Europe is a mess. Greece is the country on the continent closest to utter wreck. (And, if not for statements yesterday by Chancellor Merkel and President Sarkozy, there would literally be no hope for a life raft anywhere near Athens soon. This morning's FT smothers even those wan hopes.) Spain, Portugal and Ireland are not far behind ... or under. Each of these countries has views on how Israel deals with the Palestinians, and they don't like it at all. Neither do the past and present "foreign ministers"—so to speak, but not exactly—of the European Union.
Jews usually go out to the movies on Christmas ... and then they go out to eat "Chinese." I've spent it writing. Below is my harvest. I wish you all good cheer. Here are the motifs of my writing day. Alas, none of them cheery. 1. THE REAL GRIM REAPER: HOLY DAY VICTIMS IN IRAQ AND PAKISTAN 2. COLD COMMON SENSE ABOUT IRAN FROM, MIRABILI DICTU, "THE NEW YORK TIMES" 3. A WISE EUROPEAN FOREIGN MINISTER: "WE SHOULD SHUT UP ABOUT THE MIDDLE EAST" 4. A SOBER "TIMES" PIECE ON ISRAELI MILITARY DOCTRINE 5.
She is newly elected foreign minister of the European Union, made up of 27 sovereign states with half a billion people. OK, she has no substantial foreign policy experience. Except that she was a young militant in Bertrand Russell's not very sane Campaign for Nuclear Disarmament, what was called CND, the symbol of which looked a bit like the Mercedes Benz logo. Yes, CND probably received some of its cash from the Russians. But which “peace movement” did not?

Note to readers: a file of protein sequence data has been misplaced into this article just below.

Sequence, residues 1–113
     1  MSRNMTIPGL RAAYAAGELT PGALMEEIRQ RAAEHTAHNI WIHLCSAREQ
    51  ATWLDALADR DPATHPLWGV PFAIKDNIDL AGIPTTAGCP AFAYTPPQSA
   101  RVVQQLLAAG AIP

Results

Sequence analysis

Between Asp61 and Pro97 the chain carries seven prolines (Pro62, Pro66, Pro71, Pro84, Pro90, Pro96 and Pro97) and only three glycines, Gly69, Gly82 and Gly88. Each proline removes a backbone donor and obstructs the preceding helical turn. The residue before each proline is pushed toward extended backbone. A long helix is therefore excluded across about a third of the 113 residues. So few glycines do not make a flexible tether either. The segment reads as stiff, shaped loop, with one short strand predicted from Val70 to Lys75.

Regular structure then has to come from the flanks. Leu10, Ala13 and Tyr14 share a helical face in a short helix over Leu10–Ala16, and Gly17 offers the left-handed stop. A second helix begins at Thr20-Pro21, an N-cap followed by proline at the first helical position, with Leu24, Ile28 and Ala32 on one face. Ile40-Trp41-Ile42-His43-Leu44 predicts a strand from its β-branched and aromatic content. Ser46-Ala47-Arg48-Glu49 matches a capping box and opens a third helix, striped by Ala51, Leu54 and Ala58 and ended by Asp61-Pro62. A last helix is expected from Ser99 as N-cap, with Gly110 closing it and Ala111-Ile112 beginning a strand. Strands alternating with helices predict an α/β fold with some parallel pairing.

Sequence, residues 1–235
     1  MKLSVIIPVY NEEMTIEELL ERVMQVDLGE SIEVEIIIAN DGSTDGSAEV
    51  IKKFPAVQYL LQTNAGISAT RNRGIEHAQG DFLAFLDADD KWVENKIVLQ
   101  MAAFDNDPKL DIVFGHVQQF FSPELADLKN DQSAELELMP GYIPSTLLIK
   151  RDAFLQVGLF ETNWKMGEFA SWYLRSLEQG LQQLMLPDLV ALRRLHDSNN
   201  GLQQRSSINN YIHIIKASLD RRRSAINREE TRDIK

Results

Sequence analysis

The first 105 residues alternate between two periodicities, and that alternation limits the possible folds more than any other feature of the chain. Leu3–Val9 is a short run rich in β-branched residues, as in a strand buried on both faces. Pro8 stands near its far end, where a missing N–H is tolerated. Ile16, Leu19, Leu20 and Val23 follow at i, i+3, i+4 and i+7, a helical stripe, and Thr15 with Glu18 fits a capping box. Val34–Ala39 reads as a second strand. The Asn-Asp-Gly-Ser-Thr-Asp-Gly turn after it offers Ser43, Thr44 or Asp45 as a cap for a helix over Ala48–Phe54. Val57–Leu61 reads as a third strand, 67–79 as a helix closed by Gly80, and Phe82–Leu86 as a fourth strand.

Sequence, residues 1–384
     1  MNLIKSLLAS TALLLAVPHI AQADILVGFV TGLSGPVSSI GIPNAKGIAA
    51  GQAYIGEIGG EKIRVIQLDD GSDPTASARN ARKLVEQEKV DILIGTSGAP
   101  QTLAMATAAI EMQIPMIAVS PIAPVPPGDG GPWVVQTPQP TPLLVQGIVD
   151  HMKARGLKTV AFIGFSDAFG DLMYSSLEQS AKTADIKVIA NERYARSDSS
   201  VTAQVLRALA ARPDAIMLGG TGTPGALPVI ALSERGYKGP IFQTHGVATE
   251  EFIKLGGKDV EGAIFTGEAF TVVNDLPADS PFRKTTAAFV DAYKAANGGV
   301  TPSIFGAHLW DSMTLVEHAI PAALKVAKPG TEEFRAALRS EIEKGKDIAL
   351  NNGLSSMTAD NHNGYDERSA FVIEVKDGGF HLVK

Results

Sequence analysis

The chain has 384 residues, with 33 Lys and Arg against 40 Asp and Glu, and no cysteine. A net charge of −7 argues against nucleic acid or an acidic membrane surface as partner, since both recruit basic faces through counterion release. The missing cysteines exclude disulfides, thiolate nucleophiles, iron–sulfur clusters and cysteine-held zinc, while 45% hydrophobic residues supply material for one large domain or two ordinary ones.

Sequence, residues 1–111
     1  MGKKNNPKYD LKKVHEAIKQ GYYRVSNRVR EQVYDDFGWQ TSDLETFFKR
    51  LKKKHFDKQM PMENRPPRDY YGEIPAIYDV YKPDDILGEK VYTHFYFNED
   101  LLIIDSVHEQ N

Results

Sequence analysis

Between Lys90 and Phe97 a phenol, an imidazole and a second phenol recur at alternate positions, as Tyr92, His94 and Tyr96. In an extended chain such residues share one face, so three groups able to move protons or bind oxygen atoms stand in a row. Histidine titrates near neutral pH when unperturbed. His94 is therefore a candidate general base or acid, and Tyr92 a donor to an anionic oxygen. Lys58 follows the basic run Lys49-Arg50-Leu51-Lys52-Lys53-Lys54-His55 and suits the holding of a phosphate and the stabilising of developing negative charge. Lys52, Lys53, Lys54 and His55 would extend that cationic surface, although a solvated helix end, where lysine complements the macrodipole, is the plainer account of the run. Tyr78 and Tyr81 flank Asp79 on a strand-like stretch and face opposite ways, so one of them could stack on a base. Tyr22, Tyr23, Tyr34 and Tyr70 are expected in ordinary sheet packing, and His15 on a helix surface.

Javier Solana does not want the Israeli government to fall. And why is this? According to Solana, who runs foreign policy for the European Union, the collapse of the coalition would "constitute a death blow to the peace process, particularly with the Palestinian Authority." Of course, what Solana sees is a government in Jerusalem so weak that it couldn't resist the blandishments of its supposed friends, like Solana himself.
DAY TRADER When Brit Hume departed ABC News for Fox News back in 1996, he eagerly anticipated that his new network home would provide “freedom on the air to report and analyze in a way I’ve yearned to do.” Yes, years of confining himself to relatively cogent, tasteful commentary had left Hume pining for an outlet for his other thoughts—the irrelevant, the ideological, the inane.